Most small business owners plan to sell their business as their exit strategy. While this is the most desirable outcome, it is important to recognize not all businesses sell.
In fact, up to 90% of listed businesses do not sell at all, according to the International Business Brokers Association (IBBA). As a business owner thinking of selling, you would want to be a part of that 10%. This requires you to understand what you want, what potential buyers want, and how to present your business at its best. In short, a plan.
Although there is no specific time or a eureka moment (that we know of) in exiting your small business, there are some things you need to consider when planning to let go of your business. It is vital to take a moment and deep-dive into these considerations as any outcome you choose has massive personal and business impacts.
1. What is my exit goal?
Ask yourself, “Why am I thinking of letting go right now?” Consider the reasons behind the urge to let go of your business. Determine the top driver for why you have ended up with this decision.
Distinguish whether your reasons are personal or business-related. A decision as big as letting go of your business should not be purely subjective. Think of it this way; one should not be making big decisions based on the prevailing emotions at the spur of the moment. Perhaps you are suffering from burnout and that is driving your desire to exit when finding a way to have more work life balance may be the answer.
Take a step back and consider the bigger picture. Do you think your business is doing what you expected? Do you think you will be able to reach your business goals in the near future? Depending on your answers to these questions, you’ll know if you need to stay and give the business some time to mature before letting go.
Part of defining your exit goal is knowing if you are truly ready. Your own circumstances and priorities will likely influence your exit. The most obvious area of concern here is the readiness financially. It is a wise idea to look at your goals after the exit and see if you have the capacity to fulfill the financial needs they require. Remember that you should also consider the needs of your family.
If the financial preparation aspect of business exit sounds overwhelming, it is best for you to seek advice from a small business coach or financial advisor.
2. What's in it for prospective buyers (aka W.I.I.F.M)?
Understandably, it is hard to be objective about what are the positives and negatives about your business. To attract buyers willing to pay your price, you want your business to be in the best shape. That means a pattern of profitability, a good customer base, and a long-term growth plan. You may be familiar with WIIFM which stands for “What’s In It for Me?” and that is the mindset a prospective buyer will have when evaluating your business.
Examine your financial records and look for ways to make improvements. Create a cash flow forecast and a plan to drive more growth and revenue for the near future. This includes cutting expenses or redirecting them to an income-producing factor. It will take months to see the results, give yourself time to see at least two quarters of improvements.
3. Is there someone qualified who is interested in buying your business?
Though it is great to have an interested buyer for your business, they might not be qualified. An interested buyer may be in it just for the sake of being a business owner, but a qualified buyer has what it takes to keep your business up and running.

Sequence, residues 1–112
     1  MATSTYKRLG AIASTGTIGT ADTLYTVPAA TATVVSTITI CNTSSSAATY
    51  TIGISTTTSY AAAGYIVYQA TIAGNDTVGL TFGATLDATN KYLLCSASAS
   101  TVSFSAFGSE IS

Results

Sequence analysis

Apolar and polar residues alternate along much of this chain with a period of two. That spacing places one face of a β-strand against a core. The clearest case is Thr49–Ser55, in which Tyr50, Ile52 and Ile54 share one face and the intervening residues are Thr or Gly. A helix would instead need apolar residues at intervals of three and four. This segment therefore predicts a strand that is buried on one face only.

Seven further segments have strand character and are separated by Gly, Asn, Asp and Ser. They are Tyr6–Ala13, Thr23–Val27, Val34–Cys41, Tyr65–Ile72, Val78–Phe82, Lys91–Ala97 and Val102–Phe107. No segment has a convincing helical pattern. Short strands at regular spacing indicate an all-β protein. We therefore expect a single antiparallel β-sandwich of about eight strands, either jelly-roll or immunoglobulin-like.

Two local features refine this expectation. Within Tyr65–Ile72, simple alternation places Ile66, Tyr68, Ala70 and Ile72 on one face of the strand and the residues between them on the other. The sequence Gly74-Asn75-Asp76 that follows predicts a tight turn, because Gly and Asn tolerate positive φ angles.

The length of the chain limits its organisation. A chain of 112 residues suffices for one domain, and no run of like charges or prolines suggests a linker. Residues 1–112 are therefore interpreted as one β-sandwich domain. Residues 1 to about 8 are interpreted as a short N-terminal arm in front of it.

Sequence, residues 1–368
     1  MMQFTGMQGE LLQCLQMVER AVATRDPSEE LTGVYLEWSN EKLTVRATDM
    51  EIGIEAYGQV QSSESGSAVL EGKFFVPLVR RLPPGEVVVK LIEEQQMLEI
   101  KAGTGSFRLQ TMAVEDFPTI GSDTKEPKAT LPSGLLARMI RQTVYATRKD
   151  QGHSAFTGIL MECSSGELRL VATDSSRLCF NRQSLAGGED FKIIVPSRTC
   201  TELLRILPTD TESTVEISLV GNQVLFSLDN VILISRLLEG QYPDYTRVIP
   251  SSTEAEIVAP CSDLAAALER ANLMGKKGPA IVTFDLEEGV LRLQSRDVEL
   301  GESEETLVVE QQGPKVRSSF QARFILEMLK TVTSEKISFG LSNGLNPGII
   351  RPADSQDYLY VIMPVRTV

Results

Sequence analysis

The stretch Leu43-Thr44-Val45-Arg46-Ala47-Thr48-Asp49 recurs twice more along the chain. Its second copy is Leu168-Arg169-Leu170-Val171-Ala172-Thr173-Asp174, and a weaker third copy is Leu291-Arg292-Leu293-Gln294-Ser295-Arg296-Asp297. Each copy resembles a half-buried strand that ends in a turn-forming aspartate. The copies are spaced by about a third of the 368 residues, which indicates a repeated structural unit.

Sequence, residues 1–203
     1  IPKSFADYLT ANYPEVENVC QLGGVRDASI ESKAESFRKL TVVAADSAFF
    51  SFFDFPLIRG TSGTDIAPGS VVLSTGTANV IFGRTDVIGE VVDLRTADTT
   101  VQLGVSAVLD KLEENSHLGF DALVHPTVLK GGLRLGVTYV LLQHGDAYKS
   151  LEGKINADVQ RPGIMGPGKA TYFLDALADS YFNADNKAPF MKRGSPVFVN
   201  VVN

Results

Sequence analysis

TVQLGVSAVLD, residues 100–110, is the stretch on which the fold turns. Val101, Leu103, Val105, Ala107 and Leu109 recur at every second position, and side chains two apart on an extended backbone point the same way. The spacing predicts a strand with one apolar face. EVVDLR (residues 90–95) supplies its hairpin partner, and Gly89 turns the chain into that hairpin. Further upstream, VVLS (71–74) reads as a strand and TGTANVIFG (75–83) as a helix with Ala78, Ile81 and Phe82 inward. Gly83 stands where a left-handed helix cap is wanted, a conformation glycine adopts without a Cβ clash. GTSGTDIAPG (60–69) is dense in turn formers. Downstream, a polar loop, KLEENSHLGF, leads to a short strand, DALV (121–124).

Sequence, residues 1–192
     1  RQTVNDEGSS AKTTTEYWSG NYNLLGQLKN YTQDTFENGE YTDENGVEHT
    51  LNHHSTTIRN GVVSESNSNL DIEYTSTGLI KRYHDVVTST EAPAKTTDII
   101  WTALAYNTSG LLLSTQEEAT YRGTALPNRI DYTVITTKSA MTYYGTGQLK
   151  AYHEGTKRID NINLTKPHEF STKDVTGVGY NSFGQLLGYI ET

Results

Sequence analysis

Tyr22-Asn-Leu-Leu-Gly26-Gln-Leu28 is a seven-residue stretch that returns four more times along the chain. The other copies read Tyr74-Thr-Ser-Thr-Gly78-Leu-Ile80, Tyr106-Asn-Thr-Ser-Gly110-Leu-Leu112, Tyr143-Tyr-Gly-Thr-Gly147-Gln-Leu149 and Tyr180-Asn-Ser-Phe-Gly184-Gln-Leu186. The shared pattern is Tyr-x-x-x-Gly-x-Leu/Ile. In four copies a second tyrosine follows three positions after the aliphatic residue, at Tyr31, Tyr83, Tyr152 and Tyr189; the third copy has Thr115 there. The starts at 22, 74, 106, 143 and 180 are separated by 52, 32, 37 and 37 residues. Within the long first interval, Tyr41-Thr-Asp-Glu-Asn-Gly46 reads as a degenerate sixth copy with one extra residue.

In most cases, the first offer is not the BEST offer.
Make sure the buyer has plans for your employees and customers. Find someone who has the ability to handle the challenges you’ve come across. Make sure the buyer will take your business to the next level so that you can feel confident it will continue to grow.
Here’s what to watch out for to weed out qualified buyers:
- Has strong background in handling a profitable business;
- Able to interpret and prepare financial plans upon acquisition of your business; and
- They ask detailed questions that demonstrate they understand the business
Make an informed decision by carefully evaluating your options.
All points considered, do not sell:
- If you are not ready
- If your business is not in a good shape
- To the wrong person
Over 60% of transactions are “seller financed” which means that the buyer will pay the seller over a period of time (the term) using proceeds from the business. Choosing the wrong buyer may risk not getting your money or getting paid over a longer period of time than expected.
The best time to sell is based on a combination of factors such as your readiness (financially and personally), market conditions, and identifying the right buyer.
Even if you don’t anticipate selling anytime soon, planning for an eventual exit is still important to avoid making mistakes and ensure a smooth transition to a new owner.
Though there is no magic moment or formula on when to let go of one’s business, these things may help you in arriving at the most appropriate decision. Big life decisions do take time, and it’s better to analyze everything first and weigh the wins and losses; rather than acting on an impulse and regretting it after the transaction has closed.
It is also essential to note that most business owners don’t sell their business on their own. You may be an expert at building a business but selling it is a different task. Selling a business is a complicated task. Turning to a coach, accountant, lawyer, or broker can do your business wonders. They’ll help you get the best value for your business and sell it for the most favorable price so you can move forward and enjoy the next phase of your life.